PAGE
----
Response of soil nitrogen dynamics to elevated CO2 in a Mojave Desert ecosystem.
BILLINGS, S.A.*, S.M.SCHAEFFER and R.D.EVANS
University of Arkansas-Fayetteville, AR 72701 USA 1
Growth and reproduction of many desert plant species are limited by the availability of water and plant-available nitrogen (N). It is theorized that atmospheric CO2 may increase plant water-use efficiency, and thus increase net primary productivity (NPP) in deserts; however, we do not know how higher CO2 levels will affect soil N availability. We are investigating the effects of elevated CO2 (550 ppm) on soil N transformations at the Nevada Desert FACE (Free-Air Carbon Enrichment) facility in an intact Mojave Desert ecosystem. We examined soil N2O and CO2 fluxes, ammonia volatilization, and N-mineralization under three plant species and in plant interspaces, under both ambient and elevated CO2. N2O fluxes were undetectable in all seasons tested. Nitrogen mineralization was significantly higher under shrubs (27.9 4.4 g gsoil-1), and lowest in plant interspaces (8.0 2.8 g gsoil), where plant litterfall is minimal. Losses of N via NH3 volatilization were appreciable (0.73 0.12 vs. 0.65 0.07 g NH3-N m-2 d-1 with ambient and elevated CO2, respectively). These data suggest a trend of lower losses under plant canopies than in interspaces, and lower losses with elevated CO2. Soil CO2 flux rates were significantly higher with elevated CO2 (49.2 12.5 vs. 17.6 6.5 g m-2 h-1, P < 0.05); this data can serve as a proxy for underground microbial activity, especially in plant interspaces where roots are scarce. In conjunction with NH3 losses and soil CO2 data, this suggests microbial activity is highest where carbon supply is least limited. Our data indicate that soil microbial activity, and thus N-immobilization, may increase in an atmosphere of elevated CO2. This change in N availability to plants may counteract any potential gains in NPP caused by increases in water-use efficiency.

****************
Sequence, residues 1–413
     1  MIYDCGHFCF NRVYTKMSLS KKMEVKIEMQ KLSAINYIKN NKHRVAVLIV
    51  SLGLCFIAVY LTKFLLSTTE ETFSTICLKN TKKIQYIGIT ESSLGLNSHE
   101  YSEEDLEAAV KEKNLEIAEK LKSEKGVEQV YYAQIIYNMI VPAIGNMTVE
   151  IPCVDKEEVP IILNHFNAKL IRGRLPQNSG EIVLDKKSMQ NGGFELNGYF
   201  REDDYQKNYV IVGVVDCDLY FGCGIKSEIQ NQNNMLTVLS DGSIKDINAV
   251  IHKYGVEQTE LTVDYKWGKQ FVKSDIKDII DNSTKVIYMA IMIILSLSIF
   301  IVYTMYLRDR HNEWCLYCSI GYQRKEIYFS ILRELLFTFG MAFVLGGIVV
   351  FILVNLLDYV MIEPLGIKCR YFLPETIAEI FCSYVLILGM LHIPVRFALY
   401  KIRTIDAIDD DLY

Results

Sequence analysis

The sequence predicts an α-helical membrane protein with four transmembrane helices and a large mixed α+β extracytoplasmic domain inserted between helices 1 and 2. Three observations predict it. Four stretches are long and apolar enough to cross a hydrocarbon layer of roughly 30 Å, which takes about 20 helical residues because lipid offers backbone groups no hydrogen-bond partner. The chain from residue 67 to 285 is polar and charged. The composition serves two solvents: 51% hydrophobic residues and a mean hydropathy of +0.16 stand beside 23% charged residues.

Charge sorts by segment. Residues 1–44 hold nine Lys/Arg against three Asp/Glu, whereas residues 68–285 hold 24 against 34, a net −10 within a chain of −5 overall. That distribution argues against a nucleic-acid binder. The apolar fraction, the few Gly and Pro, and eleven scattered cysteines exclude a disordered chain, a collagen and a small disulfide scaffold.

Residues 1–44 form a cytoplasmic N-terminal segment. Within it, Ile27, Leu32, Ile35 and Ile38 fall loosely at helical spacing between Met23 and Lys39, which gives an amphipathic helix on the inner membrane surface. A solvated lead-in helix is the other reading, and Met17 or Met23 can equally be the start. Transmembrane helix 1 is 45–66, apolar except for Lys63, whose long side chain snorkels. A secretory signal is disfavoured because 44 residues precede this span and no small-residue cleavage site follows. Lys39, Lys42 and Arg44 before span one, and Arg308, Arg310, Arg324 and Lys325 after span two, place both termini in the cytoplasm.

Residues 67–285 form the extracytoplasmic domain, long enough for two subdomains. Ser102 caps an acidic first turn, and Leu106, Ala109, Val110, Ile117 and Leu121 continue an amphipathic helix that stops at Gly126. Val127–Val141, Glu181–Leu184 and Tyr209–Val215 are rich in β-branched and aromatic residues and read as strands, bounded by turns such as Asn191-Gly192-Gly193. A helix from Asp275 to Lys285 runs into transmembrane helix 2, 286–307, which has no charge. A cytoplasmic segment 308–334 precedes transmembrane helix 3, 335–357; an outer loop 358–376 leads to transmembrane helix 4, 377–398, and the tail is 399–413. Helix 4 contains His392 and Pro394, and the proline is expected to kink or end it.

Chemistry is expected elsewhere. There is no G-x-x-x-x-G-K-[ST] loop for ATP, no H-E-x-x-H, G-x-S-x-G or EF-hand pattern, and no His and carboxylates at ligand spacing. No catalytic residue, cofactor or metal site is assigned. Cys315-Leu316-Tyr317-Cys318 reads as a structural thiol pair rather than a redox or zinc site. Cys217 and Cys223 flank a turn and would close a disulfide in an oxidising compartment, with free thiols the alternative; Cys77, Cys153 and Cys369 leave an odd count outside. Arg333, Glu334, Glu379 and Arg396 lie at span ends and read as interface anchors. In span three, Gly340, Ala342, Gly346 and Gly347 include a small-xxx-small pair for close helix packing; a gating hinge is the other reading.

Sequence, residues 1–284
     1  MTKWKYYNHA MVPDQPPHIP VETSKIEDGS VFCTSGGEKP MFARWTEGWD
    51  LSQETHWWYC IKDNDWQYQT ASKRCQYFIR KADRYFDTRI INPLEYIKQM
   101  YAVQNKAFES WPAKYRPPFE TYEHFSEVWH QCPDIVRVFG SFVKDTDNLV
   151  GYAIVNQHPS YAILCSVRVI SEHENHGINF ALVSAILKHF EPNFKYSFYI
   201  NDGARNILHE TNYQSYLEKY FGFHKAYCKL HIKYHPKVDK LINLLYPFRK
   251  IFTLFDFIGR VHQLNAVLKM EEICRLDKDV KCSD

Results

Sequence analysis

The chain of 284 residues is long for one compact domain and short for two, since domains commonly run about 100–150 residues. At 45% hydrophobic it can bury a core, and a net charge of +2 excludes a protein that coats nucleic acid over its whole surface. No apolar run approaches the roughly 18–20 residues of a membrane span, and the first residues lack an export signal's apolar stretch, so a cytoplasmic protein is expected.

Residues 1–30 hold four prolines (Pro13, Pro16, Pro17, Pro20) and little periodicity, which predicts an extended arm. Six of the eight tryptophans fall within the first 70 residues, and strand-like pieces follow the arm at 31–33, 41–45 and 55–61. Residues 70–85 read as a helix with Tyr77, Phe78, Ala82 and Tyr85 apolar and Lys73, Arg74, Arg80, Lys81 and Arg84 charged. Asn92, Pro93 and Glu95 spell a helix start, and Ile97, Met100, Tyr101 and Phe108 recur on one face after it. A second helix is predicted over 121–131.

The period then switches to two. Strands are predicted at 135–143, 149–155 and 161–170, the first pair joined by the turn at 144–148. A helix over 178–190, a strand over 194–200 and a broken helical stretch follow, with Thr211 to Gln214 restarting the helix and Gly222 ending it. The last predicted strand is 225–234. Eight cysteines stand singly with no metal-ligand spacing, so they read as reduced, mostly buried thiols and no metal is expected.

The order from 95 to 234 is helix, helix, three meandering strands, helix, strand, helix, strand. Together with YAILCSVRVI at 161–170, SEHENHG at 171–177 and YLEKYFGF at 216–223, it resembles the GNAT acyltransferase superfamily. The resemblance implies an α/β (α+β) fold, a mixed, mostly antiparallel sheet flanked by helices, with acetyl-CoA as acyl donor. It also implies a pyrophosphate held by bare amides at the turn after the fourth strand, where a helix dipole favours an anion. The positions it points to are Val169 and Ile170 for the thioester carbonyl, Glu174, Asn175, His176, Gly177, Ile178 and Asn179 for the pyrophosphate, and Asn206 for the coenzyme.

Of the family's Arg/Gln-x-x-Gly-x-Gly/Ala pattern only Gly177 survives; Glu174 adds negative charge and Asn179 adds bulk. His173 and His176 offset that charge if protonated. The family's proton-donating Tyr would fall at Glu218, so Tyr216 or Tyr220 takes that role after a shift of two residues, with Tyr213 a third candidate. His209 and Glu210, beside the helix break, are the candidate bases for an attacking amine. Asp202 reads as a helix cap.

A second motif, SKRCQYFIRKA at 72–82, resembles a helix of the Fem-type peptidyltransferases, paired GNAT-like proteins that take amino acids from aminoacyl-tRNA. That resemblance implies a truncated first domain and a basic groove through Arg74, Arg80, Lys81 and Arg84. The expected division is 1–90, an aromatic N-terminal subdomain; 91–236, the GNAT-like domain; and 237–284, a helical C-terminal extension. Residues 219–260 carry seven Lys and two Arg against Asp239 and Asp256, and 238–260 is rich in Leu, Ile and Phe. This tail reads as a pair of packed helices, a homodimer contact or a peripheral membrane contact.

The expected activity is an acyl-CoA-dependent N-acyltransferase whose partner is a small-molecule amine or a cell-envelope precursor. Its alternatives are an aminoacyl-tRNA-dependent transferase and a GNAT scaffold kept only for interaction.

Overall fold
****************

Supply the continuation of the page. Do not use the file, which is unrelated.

This abstract is being presented at: 11:45 AM in session:
Oral Session #41: N Dynamics: Additions, Retention and Transformations.